Sunday, February 10, 2008

Yelling "Fire!" in a Crowded Chat Room

First Amendment Ruling Protects Internet Trolls - Slashdot
Muslim Groups Attempt to Censor Wikipedia - Slashdot
Spies' Battleground Turns Virtual - Robert O'Harrow Jr., Washington Post

I've long held the belief that one should use their real name, or at least a consistent online name, when leaving comments on message boards or comment pages. I think if you are going to say something on the interwebs then you should stand behind it with the reputation of your name. At the same time though, I don't think forcing everyone to use a consistent name or their real name is right. Anonymity is a good thing, even if it is sometimes more of a necessary evil than a help in online discussions. So naturally I support the court ruling in favor of allowing comment trolls to maintain their anonymity. Message boards and comment threads need such openness. It allows the poster to speak their mind, or derail a thread, without fear or reprisal. More importantly, allowing anonymity as a general rule for message boards and comments allows the moderators of various boards to maintain their own set of rules for what is objectionable content. Some can use a scorched earth policy of no foul language or troll-like behavior, others can require that you use your real name or some can leave it open and intervene only when a certain thread becomes too heated.
The free-speech issue is important to online discussions. It's also important for sites like the Wikipedia as it prevents the exclusion of ideas or images that some may find objectionable. While the Wikipedia is prone to hit jobs by politicians, interest groups and corporations among others, it does a fairly decent job of maintaining a sense of neutrality in its articles and allows for discussion of what is acceptable in an article or not. The Muslim groups criticizing the Wikipedia for refusing to pull images of Muhammad do have a point from their perspective but the purpose of the Wikipedia is not to cater to anything but those in search of information and knowledge. It would not do well for Wikipedia's reputation to pull information due to one groups' complaints.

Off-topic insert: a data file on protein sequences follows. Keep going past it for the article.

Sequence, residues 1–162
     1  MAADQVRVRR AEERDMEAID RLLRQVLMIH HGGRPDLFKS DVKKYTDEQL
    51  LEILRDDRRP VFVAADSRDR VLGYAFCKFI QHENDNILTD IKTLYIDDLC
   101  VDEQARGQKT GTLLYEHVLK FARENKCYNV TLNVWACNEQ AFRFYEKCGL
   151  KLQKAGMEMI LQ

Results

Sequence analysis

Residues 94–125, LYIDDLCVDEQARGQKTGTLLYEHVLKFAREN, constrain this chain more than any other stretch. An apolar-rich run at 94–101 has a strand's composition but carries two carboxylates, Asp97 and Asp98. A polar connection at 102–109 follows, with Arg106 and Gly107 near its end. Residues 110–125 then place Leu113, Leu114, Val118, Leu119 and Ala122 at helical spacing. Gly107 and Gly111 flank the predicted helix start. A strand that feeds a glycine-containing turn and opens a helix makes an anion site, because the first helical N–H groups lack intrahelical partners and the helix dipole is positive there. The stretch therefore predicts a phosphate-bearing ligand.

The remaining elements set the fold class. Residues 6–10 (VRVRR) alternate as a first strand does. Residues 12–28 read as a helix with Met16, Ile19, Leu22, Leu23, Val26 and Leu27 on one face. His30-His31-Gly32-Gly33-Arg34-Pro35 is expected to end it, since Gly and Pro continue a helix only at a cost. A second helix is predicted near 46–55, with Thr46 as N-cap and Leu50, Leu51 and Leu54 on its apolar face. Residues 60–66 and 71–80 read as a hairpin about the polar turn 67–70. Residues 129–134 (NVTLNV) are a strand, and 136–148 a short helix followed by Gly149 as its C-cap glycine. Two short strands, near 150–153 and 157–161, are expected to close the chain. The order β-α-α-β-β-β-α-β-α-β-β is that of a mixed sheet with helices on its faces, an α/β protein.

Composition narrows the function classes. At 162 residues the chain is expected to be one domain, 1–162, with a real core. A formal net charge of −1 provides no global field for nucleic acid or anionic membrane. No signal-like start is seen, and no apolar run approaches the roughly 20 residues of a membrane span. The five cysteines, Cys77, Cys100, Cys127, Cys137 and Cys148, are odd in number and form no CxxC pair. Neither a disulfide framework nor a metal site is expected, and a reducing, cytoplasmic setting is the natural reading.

At the same time (and this is where the necessary evil part truly lives up to its name) the anonymity of the interwebs can aide criminals and terrorists in conducting their business. While the idea of terrorist groups using online sites likes Second Life as a means of planning and plotting seems far-fetched, it isn't inconceivable. But I continue to hold to the idea that anonymity and the use of online names or avatars is right and proper for any web site. Now of course, just as one cannot yell 'fire' in a crowded room, there are instances where speech is not protected. Criminals who use online anonymity to further their interests are obviously cases where breaching that anonymity is necessary. Even so, judicial oversight in those cases is necessary as well. We should all have the benefit of the doubt when it comes to our online identities. Free speech isn't free without that benefit. Thus, while law enforcement groups may contact web admins, board moderators and ISPs for information, these groups must have the recourse of the courts to preserve the rights of their users.
So, for a brief recap: online speech is free speech; I will use my real name when making comments; I will allow anonymous comments on my blog (although I will call you an Anonymous Coward, ala Slashdot); and, while a potential threat, admins and ISPs must maintain their customers' anonymity as much as possible.

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